University of Tennessee student and single mother Morgan King missed a day of class in mid-June due to being unable to find childcare for her three-month-old daughter, Korbyn. But when she emailed her professor about the absence, she got a most unexpected (and heartwarming) response from her professor, Sally Hunter:
Told my professor I missed class yesterday bc I couldn’t find childcare & this was her response. I’m literally crying. So blessed/thankful???????? pic.twitter.com/3QaThJRXdo
— Morgan King (@morgantking) June 16, 2017
USA Today reports that the tweet has been shared 5,000 times, adding:
King is a single mother who lost her own mom to breast cancer last year.
She said balancing school, work and motherhood by herself can be tough.
“It is so hard,” King said. “But I am so determined to graduate and get my degree for Korbyn and I. It’s not just about me anymore. I have to do this for us.”
Far too often, a welcoming environment for mothers and their children on college campuses is sorely lacking. But there are pro-life groups looking to change this. Students for Life of America’s Pregnant on Campus Initiative is one of those efforts to help pregnant women attending college. Along with forming chapters on college campuses, the initiative also wants its website to be a resource:
The Pregnant on Campus website features a comprehensive collection of resources for pregnant and parenting college students. Here you will find information for organizations that will assist you with your pregnant and parenting concerns—such as emotional support, financial assistance, housing, insurance, or material needs. Search National, State, and School resource pages to identify the organizations and opportunities available to you in your area.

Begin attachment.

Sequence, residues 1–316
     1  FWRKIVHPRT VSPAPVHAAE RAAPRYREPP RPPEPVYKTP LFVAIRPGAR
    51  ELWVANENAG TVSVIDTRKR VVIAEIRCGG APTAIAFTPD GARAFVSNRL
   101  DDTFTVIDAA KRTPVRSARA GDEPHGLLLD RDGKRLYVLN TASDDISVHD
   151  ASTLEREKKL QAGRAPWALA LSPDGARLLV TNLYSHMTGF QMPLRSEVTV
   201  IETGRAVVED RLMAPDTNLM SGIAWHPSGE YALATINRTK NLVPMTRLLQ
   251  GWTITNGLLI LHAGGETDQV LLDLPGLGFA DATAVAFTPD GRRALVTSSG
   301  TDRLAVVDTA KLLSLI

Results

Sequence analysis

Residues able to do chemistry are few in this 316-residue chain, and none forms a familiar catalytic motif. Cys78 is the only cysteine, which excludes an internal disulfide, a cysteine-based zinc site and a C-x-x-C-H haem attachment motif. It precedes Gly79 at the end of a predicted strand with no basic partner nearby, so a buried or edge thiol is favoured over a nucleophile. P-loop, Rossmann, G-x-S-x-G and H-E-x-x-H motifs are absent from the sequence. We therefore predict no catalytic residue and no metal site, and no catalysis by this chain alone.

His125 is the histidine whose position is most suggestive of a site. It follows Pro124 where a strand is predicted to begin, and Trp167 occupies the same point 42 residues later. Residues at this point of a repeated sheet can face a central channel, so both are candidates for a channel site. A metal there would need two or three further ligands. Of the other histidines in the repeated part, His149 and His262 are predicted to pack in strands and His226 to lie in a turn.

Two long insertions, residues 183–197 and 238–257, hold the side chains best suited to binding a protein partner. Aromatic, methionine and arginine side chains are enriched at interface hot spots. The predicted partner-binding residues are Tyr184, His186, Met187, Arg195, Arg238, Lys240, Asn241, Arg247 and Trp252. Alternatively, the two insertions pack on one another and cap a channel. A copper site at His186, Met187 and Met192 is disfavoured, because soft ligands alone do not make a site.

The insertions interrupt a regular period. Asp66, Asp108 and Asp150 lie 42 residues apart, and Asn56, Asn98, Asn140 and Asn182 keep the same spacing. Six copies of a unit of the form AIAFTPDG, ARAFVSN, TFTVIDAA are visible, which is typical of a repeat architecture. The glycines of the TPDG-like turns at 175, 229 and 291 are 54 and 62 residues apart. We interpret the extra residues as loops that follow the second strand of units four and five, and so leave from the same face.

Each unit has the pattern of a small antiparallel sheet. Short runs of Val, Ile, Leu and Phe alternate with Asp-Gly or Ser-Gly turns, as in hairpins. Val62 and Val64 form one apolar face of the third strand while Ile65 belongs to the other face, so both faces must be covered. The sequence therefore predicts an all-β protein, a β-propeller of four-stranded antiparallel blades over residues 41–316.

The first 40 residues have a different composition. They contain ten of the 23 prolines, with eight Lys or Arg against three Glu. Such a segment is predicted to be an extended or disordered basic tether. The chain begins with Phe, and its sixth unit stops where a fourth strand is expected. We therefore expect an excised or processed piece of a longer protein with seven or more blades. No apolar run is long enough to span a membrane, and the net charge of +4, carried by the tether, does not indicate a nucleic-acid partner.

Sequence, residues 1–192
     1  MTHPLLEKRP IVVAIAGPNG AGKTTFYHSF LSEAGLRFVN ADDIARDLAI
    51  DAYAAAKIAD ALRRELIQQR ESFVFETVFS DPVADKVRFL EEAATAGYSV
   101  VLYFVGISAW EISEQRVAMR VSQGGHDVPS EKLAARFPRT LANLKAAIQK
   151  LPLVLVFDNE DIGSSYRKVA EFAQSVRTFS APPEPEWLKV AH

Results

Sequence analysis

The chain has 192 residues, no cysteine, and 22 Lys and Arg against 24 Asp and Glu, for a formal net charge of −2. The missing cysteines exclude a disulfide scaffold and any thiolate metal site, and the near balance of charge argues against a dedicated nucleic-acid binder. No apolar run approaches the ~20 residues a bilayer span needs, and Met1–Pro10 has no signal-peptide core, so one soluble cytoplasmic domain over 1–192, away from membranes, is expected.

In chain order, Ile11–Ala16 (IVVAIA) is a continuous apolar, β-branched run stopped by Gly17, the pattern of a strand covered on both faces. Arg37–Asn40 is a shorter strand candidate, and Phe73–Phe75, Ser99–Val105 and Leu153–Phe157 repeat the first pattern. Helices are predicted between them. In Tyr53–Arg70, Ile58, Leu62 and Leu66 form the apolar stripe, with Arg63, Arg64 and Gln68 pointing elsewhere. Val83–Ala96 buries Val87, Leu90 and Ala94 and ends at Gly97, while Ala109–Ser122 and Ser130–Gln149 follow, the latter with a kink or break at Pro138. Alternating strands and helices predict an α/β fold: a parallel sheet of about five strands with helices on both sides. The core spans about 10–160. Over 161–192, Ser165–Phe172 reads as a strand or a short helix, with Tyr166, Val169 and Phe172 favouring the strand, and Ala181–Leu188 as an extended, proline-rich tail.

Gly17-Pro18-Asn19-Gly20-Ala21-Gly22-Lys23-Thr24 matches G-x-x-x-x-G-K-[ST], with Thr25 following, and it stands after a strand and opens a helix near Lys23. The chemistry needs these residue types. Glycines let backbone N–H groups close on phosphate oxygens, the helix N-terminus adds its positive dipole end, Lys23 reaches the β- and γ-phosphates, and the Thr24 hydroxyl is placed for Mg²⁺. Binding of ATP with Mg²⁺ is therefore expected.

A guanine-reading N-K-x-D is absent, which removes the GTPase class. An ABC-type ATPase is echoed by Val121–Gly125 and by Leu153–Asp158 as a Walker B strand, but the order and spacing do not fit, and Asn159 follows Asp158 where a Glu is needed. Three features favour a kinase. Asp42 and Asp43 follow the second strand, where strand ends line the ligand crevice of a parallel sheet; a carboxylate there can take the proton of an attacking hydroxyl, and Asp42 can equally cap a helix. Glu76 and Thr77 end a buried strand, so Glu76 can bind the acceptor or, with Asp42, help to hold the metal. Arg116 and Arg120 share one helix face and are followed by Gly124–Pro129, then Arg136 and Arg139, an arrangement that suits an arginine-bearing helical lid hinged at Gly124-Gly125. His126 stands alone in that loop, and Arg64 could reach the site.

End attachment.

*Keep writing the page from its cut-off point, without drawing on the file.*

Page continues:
Feminists for Life also offers resources as part of its college outreach program, stating that its goal is “to ensure pregnant women, expectant fathers, parents and birthparents won’t be forced to choose between terminating the[ir] education to support their children.”
According to USA Today, the university’s chancellor, Beverly Davenport, retweeted King’s post, affirming, “Morgan, thanks for showing us challenges college students face. Prof Hunter, thanks for being part of the solution.” In Morgan King’s case, an understanding professor made all the difference for a woman seeking to be both a good student and a good mother.